It is Elul and I do hope that, assuming you are observant, you are taking a spiritual inventory. Rosh Hashanah is nearly here and then Yom Kippur. I, for one, find the Bible’s teachings on speech most challenging. Judaism has expanded upon and made crystal clear the meaning of righteous speech and unrighteous speech. We should all be challenged by the topic of Lashon Hara (evil speech).
In the last post about Lashon Hara, I gave a simple definition and few stories to examine the topic. Here is a basic definition:
Lashon Hara is about true statements that in any way damage another’s reputation or cause embarrassment. Lashon Hara could also cause financial damage or simply demean the one we are talking about.
Recently I attended a lecture by Rabbi Joseph Telushkin at the local Jewish Community Center. His books are very popular the luncheon, though it had room for about 250 people, was overflowing (on a weekday!). His topic was Jewish ethics and this is also the topic of his latest book, A Code of Jewish Ethics: Volume 1.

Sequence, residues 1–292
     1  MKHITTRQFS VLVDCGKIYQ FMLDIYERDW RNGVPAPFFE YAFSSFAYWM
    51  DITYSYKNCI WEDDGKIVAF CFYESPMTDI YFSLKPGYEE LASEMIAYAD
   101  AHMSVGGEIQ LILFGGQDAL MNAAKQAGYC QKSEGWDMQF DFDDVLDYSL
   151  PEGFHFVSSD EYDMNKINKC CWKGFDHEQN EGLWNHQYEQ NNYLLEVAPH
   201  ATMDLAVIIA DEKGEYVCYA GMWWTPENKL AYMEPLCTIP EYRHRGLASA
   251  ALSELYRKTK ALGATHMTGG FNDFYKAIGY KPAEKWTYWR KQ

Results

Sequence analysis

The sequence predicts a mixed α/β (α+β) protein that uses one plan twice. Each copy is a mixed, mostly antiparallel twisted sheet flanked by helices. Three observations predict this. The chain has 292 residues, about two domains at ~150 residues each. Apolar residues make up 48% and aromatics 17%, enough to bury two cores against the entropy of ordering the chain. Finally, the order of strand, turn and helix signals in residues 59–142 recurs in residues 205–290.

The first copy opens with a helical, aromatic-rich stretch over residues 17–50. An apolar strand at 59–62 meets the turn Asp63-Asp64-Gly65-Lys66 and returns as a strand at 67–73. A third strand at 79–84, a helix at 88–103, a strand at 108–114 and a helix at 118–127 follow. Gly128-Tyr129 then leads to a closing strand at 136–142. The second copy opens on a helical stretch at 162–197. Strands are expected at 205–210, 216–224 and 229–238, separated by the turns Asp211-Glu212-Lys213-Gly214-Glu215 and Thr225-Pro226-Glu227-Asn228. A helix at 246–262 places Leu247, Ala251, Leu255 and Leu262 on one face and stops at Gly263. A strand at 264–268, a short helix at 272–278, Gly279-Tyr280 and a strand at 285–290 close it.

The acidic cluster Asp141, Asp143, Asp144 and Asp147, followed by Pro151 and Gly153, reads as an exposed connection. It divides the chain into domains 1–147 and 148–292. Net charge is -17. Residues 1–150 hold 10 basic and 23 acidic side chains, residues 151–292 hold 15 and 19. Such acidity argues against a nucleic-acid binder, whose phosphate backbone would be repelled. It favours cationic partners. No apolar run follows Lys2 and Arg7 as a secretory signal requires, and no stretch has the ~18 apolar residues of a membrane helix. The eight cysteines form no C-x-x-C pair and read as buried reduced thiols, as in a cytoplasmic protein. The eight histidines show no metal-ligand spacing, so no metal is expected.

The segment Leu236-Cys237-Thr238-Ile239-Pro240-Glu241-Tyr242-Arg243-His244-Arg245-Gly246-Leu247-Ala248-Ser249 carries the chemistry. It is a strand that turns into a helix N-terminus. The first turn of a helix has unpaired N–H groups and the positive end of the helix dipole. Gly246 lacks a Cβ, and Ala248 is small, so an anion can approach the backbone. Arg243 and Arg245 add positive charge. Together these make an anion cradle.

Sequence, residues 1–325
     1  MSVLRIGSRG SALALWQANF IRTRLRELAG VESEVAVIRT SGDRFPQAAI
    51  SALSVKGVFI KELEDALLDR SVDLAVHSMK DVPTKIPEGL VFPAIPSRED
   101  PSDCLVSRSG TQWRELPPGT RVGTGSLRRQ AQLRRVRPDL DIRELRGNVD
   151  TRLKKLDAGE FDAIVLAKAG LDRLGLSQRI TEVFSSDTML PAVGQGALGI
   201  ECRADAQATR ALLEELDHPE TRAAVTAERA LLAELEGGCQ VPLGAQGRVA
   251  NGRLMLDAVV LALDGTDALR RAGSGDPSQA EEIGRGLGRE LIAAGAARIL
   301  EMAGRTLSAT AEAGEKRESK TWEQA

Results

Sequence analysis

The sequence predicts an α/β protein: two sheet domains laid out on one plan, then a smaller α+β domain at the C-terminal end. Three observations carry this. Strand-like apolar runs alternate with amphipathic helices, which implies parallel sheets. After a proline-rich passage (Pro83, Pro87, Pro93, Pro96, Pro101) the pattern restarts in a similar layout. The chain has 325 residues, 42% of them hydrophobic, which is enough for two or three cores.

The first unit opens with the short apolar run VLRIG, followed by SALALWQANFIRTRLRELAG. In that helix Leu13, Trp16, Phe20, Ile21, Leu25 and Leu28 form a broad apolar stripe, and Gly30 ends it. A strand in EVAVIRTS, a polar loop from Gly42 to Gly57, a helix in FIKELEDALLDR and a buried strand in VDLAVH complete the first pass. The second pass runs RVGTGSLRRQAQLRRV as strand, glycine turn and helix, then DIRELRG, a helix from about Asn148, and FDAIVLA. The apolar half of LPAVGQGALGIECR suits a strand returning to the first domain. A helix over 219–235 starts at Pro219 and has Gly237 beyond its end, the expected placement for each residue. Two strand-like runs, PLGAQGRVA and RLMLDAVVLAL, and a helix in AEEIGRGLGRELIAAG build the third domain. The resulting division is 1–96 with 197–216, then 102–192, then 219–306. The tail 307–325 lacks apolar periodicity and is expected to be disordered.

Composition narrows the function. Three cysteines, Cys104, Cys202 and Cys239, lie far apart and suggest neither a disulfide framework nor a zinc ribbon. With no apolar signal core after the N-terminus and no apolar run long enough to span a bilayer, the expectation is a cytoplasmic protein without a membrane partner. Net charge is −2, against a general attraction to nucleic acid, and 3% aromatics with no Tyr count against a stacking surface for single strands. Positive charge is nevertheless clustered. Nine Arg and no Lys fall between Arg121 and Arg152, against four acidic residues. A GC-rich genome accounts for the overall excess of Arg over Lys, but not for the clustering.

During the lecture, Rabbi Telushkin told a story about the Chofetz Chaim (1838-1933). The Chofetz Chaim was famous for his books on topics of ethics and especially Lashon Hara. He was in the Jewish world a celebrity, but in the time before mass media and before public figures had their pictures posted all over the place. The Chofetz Chaim was known, but few people knew what he looked like.
So, one day the Chofetz Chaim was traveling by train to give a lecture somewhere in Poland. Soon another Orthodox man sitting near him began to speak to him. He was very excited about going to hear a lecture by none other than . . . the Chofetz Chaim!
The man went on and on talking about how great a man the Chofetz Chaim was, at one point even calling him a holy saint.
The Chofetz Chaim did not know what to say. He said something like,